I think there’s merit to the advice that no child will starve themselves when truly hungry, and, while I’m sure that’s true in extenuating circumstances, a child who doesn’t equate food with hunger will go an awfully long time (and be awfully unpleasant to be around) if given the option to just not eat. I know this, because Tizzy could care less about food. I have really had to teach this kid to eat. I go to great lengths to hide nutritious morsels into his seemingly sparse diet, and, while I admit, it’s a pain in the ass, I also know he would happily live on rice cakes and bubble water. I trust that hiding kale in his burgers and golden beets in his scrambled eggs is effective on a cellular level and that, someday, he will wake up and say, “Hey guava, where have you been all my life?” But, if that doesn’t happen, at least I can honestly say I tried, and that he was properly fed in the growing years, knowingly or not.
That being said, it is grating and annoying to have ones child turn up their nose to carrot-infused mac 'n' cheese. I mean, come on, it’s mac 'n' cheese, already! So, I had to meet his grousing with humor last night, or I might have just thrown his bowl right out the window, which, for the record, my mother did to me when I was his age, and I never forgot it.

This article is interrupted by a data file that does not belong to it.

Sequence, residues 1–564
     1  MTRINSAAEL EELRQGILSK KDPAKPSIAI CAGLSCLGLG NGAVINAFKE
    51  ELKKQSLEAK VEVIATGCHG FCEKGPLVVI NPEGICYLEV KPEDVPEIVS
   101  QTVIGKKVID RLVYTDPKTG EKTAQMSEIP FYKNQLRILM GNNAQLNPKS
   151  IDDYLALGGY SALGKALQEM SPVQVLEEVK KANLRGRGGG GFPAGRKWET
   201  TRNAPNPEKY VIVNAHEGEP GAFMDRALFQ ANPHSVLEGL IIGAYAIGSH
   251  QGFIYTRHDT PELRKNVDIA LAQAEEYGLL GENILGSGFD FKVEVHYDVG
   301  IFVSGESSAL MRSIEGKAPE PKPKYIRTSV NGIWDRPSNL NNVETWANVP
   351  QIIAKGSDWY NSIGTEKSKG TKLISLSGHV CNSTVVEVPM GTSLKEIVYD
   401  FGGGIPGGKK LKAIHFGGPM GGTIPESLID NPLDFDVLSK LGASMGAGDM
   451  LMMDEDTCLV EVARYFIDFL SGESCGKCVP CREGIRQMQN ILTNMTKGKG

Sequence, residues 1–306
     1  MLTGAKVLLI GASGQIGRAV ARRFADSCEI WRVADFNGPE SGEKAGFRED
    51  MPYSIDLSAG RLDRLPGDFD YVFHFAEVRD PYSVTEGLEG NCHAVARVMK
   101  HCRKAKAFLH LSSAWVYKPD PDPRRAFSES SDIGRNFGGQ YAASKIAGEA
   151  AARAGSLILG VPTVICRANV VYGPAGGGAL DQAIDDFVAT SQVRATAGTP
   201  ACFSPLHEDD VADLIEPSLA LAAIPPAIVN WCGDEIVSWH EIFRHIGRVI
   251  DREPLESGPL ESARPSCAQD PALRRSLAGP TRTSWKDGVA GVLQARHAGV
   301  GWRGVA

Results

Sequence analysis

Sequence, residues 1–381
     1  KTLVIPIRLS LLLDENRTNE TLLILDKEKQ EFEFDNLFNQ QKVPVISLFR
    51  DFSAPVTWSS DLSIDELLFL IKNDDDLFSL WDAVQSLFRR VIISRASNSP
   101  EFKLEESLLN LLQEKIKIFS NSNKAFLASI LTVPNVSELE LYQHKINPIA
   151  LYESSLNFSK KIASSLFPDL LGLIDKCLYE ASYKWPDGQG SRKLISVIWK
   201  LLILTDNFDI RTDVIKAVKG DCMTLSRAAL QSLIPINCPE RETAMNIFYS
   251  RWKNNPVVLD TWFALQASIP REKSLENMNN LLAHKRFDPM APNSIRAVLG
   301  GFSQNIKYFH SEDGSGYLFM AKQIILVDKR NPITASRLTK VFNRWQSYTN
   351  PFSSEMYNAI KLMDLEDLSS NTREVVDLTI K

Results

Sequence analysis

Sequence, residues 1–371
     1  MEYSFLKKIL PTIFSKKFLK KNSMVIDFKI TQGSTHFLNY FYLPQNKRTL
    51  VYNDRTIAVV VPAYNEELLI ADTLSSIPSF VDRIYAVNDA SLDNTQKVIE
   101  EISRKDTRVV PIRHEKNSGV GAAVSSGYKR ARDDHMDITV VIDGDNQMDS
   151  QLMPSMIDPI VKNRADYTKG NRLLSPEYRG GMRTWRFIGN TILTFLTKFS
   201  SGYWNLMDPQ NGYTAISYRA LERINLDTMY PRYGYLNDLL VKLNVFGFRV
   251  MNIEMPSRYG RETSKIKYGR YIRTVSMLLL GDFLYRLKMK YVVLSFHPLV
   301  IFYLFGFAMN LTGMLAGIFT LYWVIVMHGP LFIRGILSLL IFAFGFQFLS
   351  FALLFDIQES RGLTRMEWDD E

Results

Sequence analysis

Tizzy: Um, no thank you, I think this is blech.
Me: You think this is blech? How can you say that? You haven’t even tried it?
Tizzy: I just know. I don’t like it.
Zip: Tizzy not like mac 'n' cheese. He not.
Me: You have to at least try one bite.
Tizzy: Mmm, no. I don’t think so.
Me: Well, this is what I’ve made for dinner. You’re welcome to walk down the block and see if anyone else is serving something a little more interesting.
The attention that got made me think I better act fast. He was already half way out the door. I had no time to lose.
Me: You might want to think about it however. Kids are made to eat far stranger things than mac 'n' cheese. Did you know that some kids have to eat cow's tongues for dinner?
Zip: Cow's tongues? Ha-ha-ha-ha!!
Me: It’s true. And some kids have to eat sweet meats. You don’t even want to know what those are.
Tizzy’s shaking his head, no, no, no.
Me: How about blood sausage? Does that sound like a tasty treat?
Zip: Ho-Ho-Ho-Ho... *chortle, snort*
Me: Chicken's feet, and pork rinds, shark fin soup and rattlesnake. There are all different kinds of foods that people eat, and they like them too.
Zip: *Guffaw!* Chickens Feet?! Hee-hee-hee!
Me: Do you know that people pay good money to eat fish eggs on a cracker?
Zip: Fish eggs – on a cracker?!